Alcohol marketing and promotion contributes to young peoples’ attitudes to drinking, starting drinking and drinking at harmful levels. Much of this marketing has the effect of reinforcing the harmful drinking culture in Australia. We urgently need comprehensive reform of the alcohol advertising regulatory arrangements. The National Preventative Health Taskforce recently recommended that in a staged approach, alcohol promotions should be phased out from times and placements which have high exposure to young people aged up to 25 years.
NAAA recommends the establishment of a comprehensive framework that will:
- ensure effective regulation of advertising and promotions for alcohol, including a special focus on minimising the exposure of children and young people to alcohol marketing and promotions
- include the phasing out of alcohol sponsorship of music events to which children and young people may be exposed, and the prohibition of alcohol sponsorship of junior sports teams, clubs or programs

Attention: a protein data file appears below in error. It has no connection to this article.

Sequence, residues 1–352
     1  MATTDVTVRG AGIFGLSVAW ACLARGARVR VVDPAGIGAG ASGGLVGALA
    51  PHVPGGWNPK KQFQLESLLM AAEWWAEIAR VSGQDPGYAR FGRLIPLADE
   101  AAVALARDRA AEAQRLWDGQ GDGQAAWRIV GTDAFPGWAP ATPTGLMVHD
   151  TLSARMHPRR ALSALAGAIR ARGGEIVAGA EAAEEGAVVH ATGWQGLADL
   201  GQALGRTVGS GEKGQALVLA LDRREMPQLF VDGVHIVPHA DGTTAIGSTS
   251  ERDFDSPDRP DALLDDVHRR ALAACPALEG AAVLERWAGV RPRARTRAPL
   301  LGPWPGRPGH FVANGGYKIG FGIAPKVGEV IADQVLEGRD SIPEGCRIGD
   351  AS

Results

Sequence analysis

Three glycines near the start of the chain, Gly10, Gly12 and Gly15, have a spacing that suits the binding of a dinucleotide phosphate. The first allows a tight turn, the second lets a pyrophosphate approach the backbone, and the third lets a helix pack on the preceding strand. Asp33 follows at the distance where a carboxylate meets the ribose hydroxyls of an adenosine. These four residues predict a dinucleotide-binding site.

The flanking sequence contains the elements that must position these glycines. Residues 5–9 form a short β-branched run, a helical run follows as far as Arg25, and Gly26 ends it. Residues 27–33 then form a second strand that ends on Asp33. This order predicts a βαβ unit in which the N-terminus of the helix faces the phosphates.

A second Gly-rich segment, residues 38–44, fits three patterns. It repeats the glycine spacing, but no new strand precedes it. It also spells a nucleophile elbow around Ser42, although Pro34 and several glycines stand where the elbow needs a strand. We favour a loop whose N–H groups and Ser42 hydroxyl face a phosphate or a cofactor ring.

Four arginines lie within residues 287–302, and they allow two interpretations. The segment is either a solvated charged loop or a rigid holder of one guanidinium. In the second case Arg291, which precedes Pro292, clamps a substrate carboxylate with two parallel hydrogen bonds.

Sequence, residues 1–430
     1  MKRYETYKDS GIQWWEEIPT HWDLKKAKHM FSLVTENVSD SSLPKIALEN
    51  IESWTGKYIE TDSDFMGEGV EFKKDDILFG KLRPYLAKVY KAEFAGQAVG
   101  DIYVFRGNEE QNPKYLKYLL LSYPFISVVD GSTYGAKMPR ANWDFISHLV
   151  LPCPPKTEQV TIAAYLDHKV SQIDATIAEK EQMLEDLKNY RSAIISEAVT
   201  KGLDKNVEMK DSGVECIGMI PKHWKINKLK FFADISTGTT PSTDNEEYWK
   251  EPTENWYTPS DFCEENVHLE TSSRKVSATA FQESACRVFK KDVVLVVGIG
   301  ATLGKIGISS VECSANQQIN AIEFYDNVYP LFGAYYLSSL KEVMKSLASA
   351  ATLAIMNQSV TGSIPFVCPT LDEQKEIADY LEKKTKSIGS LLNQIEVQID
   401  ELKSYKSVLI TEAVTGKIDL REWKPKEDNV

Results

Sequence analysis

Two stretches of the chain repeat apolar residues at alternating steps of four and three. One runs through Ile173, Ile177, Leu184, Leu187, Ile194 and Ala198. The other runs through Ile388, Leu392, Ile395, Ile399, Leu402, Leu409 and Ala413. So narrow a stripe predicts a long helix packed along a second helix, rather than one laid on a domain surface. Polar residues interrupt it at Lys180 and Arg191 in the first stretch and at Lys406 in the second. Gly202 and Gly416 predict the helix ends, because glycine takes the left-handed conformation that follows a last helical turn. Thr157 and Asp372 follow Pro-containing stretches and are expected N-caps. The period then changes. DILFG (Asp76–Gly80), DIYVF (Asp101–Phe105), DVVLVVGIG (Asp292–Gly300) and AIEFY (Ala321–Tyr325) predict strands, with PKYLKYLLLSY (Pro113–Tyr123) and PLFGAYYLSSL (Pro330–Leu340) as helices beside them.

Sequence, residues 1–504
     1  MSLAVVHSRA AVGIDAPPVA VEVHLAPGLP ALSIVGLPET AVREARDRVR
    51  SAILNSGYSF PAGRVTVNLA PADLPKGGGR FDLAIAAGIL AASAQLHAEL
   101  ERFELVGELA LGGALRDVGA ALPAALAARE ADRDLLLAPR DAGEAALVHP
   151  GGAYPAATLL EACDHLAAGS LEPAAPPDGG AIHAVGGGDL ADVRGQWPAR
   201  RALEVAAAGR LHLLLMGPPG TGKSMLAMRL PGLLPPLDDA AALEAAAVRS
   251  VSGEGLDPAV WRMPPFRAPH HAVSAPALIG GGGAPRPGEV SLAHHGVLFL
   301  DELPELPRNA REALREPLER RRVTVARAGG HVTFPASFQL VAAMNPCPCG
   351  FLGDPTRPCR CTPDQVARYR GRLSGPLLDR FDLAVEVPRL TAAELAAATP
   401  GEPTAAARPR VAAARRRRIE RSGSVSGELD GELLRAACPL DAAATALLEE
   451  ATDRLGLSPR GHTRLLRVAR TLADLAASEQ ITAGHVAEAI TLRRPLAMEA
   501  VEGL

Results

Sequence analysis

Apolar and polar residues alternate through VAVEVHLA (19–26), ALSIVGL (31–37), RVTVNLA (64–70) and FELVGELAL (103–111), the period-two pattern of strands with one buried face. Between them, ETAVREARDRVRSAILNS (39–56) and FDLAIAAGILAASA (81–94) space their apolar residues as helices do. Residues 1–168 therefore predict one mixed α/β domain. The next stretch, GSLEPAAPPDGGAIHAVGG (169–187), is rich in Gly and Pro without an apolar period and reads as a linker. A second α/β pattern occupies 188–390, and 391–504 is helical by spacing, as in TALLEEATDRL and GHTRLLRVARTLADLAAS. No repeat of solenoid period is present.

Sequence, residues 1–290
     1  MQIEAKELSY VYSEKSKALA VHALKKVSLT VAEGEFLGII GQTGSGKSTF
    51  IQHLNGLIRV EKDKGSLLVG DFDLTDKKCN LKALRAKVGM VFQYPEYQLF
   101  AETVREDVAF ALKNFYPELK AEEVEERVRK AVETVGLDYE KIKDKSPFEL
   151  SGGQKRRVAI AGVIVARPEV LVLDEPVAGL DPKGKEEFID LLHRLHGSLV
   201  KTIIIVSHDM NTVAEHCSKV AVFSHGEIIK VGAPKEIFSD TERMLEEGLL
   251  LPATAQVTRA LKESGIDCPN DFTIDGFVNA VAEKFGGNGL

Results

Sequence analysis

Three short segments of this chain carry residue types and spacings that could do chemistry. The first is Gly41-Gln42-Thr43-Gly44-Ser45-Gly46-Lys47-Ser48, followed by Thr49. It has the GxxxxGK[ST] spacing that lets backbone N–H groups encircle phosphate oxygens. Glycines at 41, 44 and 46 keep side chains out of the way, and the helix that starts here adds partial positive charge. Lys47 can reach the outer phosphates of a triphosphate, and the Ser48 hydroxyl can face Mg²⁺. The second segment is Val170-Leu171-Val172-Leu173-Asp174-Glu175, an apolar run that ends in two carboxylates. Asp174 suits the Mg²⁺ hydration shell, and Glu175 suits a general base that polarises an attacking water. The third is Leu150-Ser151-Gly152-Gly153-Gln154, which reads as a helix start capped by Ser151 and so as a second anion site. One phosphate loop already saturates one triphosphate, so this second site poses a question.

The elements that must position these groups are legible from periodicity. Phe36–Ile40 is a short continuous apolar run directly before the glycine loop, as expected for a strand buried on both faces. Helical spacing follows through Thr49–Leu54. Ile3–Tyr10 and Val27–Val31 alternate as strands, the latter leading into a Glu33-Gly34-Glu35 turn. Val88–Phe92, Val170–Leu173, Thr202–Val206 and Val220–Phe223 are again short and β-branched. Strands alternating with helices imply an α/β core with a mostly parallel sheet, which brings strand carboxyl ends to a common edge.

- cover all forms of alcohol marketing and promotions, including point-of-sale promotions, print and media advertising, packaging, labelling, sponsorship, viral and internet campaigns
- ensure that standards in relation to advertising, promotion and labelling are stringently applied with penalties for significant breaches
- ensure that the standards are monitored by an independent panel with membership including expertise in public health and health marketing
- require alcohol companies to disclose their annual advertising and sponsorship expenditure.
As a first step, the current exemption permitting alcohol advertising during live sporting broadcasts before 8:30 pm on commercial free-to-air television should be removed as a way of reducing children’s exposure to alcohol marketing and promotions.
There is also a need for ongoing monitoring and evaluation of the impact of alcohol marketing and promotions in Australia, particularly on young people. This should also focus on identifying and analysing new and emerging marketing and promotion trends and initiatives and recommending how laws and regulations should respond.